The other thing to remember is that in a USN Squadron the aviators/NFOs can also fill maintenance officer roles.
 

Gonzo08

*1. Gangbar Off
None
So one of the things to keep in mind with Navy squadrons is that aircrew are also maintenance leaders. While we are not maintenance professionals, junior aircrew are expected to fill the rolls of Division Officers who are responsible for certain maintenance divisions in the squadron. Usually you will have 2-3 LDOs, or "ground pounders" as well call them, who are maintenance professionals, but aircrew JOs will be responsible for enlisted maintainers as their "ground job" when not flying.
 

Max the Mad Russian

Well-Known Member
Thank you all Gents,


The only thing that does rest unclear for me is what is the key factor by which 1520 types differ from 6330/7331s on a squadron level? Or maybe on this level there is no difference and the main aim for 1520 (probably just like for 1310/1320 as well) JOs assigned to a Maintenance Dept is that experience they should obtain by managing/supervising the professional enlisted personnel's work. Right?

With all due respect to a CPO corps of USN, I'm still wondering how they can learn the airplane systems deep enough (to be the real troubleshooters) without engineering (i.e. math oriented) degree. I'm far from overestimating the quality of the eng degree the Russian ground officers in AF/NavAir usually have, but... 5 years of special college all of them graduate from don't make them familiar enough with the airplanes until they possess O-2. Or maybe the serviceability of those fucking MiGs and Sus is far worse than that of the Western airplanes. MiG-29 is "flying hydraulic leak", for example, and the main landing gears' folding system of MiG-23 is worth the Nobel prize for the complexity and unreliability...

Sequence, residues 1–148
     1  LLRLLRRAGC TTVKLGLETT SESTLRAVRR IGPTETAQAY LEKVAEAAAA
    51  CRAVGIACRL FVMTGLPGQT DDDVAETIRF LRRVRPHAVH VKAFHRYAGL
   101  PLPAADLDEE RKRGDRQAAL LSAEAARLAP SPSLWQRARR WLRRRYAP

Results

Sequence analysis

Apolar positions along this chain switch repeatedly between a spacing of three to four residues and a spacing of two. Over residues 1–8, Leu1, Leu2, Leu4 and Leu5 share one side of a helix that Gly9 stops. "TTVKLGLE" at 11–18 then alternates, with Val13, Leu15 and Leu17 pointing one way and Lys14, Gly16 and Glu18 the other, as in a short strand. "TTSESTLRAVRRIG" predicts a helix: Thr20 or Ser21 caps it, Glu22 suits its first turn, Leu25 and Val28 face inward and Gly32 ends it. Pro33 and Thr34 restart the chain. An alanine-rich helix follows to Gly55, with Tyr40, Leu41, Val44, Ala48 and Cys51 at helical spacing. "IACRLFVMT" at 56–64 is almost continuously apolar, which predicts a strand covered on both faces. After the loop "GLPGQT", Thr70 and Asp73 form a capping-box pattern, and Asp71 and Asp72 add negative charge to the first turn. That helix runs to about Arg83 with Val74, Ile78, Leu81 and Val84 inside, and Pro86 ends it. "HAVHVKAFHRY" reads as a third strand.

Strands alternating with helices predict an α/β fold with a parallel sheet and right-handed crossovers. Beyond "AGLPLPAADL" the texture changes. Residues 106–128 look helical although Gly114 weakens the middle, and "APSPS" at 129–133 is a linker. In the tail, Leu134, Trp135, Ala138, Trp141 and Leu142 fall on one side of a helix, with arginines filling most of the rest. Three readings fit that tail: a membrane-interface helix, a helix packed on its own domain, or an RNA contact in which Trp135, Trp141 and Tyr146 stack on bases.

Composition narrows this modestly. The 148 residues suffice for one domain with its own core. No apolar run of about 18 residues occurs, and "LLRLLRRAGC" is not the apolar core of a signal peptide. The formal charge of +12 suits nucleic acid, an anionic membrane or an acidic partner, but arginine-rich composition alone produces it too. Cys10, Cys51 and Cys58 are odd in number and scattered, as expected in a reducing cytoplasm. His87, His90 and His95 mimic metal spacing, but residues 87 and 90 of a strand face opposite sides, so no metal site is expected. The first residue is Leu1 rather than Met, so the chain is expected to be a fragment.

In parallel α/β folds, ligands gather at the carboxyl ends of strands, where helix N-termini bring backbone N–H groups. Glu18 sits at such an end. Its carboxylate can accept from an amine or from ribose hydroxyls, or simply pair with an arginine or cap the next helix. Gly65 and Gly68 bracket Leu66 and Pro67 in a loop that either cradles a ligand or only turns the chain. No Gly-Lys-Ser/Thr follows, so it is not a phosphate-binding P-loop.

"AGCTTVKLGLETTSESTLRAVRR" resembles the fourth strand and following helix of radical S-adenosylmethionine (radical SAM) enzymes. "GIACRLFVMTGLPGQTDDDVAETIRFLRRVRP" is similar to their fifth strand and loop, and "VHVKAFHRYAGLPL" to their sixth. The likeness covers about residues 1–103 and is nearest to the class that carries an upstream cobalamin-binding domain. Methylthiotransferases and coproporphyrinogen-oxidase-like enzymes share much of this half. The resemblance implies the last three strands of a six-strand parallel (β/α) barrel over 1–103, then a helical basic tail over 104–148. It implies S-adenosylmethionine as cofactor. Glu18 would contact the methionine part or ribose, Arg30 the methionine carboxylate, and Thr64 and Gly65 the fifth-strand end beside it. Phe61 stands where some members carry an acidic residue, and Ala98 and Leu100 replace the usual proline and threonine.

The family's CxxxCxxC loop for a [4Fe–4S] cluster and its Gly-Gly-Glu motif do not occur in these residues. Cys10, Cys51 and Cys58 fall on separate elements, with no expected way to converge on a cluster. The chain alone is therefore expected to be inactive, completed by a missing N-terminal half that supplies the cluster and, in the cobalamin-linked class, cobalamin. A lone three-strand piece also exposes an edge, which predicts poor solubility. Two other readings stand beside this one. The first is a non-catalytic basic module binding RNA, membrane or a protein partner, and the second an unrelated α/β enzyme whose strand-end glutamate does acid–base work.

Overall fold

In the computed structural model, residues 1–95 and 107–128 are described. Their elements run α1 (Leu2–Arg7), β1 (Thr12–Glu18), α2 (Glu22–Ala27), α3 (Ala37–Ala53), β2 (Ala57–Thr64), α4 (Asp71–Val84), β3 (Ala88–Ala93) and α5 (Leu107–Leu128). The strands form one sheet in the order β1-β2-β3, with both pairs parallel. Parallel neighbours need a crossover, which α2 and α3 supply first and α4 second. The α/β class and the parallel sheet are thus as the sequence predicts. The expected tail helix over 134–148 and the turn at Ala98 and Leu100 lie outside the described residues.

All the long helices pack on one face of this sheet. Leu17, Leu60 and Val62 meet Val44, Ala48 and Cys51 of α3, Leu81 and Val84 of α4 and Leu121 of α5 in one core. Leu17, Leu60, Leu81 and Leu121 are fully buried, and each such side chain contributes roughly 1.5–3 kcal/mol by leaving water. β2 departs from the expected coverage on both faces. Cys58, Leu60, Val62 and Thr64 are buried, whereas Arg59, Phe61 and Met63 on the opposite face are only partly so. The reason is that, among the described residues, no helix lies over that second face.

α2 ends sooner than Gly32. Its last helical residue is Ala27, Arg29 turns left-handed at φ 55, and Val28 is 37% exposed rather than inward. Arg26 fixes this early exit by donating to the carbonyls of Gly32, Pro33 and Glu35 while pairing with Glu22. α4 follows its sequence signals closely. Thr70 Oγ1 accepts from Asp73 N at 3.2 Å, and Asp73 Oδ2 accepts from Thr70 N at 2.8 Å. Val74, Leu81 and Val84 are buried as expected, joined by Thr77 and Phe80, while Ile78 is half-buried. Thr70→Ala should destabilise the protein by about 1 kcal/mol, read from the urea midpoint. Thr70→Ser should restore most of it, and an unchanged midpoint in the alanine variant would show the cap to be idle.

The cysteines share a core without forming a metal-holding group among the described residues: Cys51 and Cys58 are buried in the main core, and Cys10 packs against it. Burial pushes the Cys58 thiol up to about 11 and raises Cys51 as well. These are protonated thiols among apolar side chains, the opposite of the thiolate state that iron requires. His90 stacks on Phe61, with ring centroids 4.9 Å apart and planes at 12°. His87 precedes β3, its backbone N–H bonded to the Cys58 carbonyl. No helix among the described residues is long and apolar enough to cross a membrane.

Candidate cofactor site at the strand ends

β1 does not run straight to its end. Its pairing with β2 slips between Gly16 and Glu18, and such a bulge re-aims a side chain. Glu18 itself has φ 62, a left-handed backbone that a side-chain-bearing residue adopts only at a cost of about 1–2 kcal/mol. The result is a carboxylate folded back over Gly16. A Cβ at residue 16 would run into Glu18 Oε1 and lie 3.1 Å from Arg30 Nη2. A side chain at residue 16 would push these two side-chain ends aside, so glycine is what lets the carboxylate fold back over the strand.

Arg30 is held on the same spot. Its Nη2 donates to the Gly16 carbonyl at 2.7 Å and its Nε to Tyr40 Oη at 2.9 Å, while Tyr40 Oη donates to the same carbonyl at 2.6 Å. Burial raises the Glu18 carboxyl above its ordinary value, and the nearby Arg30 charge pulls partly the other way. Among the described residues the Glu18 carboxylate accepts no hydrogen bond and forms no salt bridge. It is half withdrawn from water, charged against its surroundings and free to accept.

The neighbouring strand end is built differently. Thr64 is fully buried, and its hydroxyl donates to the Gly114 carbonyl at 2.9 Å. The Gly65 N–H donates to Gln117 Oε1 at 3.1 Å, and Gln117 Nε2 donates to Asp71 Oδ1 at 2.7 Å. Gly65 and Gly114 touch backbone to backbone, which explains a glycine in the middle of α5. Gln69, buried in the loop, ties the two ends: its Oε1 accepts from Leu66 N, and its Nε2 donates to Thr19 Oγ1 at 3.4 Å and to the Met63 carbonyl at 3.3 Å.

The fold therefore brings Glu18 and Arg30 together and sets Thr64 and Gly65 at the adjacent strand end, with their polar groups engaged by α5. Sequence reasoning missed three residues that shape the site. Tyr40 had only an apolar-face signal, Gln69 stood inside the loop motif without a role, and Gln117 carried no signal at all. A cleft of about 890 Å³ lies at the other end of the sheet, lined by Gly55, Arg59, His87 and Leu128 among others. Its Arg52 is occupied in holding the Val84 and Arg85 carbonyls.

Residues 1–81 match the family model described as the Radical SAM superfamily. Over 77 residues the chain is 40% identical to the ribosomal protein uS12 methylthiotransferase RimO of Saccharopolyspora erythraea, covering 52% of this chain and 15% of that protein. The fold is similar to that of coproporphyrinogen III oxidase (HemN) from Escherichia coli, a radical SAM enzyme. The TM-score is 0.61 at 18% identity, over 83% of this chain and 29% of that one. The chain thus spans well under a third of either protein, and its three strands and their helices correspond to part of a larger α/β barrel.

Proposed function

HAL Pilot

Well-Known Member
None
Contributor
Officers don’t turn wrenches in the USN.

You are underestimating our enlisted maintainers, they have the expertise. They understand the systems, how they work, how to troubleshoot them, and how to fix them.
 

Max the Mad Russian

Well-Known Member
They understand the systems, how they work, how to troubleshoot them, and how to fix them.
This is the more general difference, deeper than militaries usually think. In Russian opinion, "engineer" is an equivalent to a "degree". I.e. one cannot "understand the systems" having no degree related to those systems. And yes, sometimes s/he will turn the wrenches just in case or to train the working forces. In my opinion, this culture is the root cause that prevents the professional CPO corps' emergence in Russian military. If there is something intricate and important to do it should be done by the officers with related training based on related degree, period. As usually, this is simultaneously good and bad...
 

cricechex

Member
In general,
It is “overkill” to utilize an “engineer” to service oil, change a hydraulic pump, or fix a broken wire. The Navy utilizes quality enlisted training, near “fool proof” maintenance manuals, and a “phone a friend” approach to engineering support at the squadron level. In other words, one engineer supports many squadrons because there just isn’t that many issues that need an engineer’s input to resolve. Our ground officers, in general, lead the enlisted effort and manage the programs with highest safety risks. Normally, a mix of 3 AMDOs/LDOs will get this job done but there are many exceptions.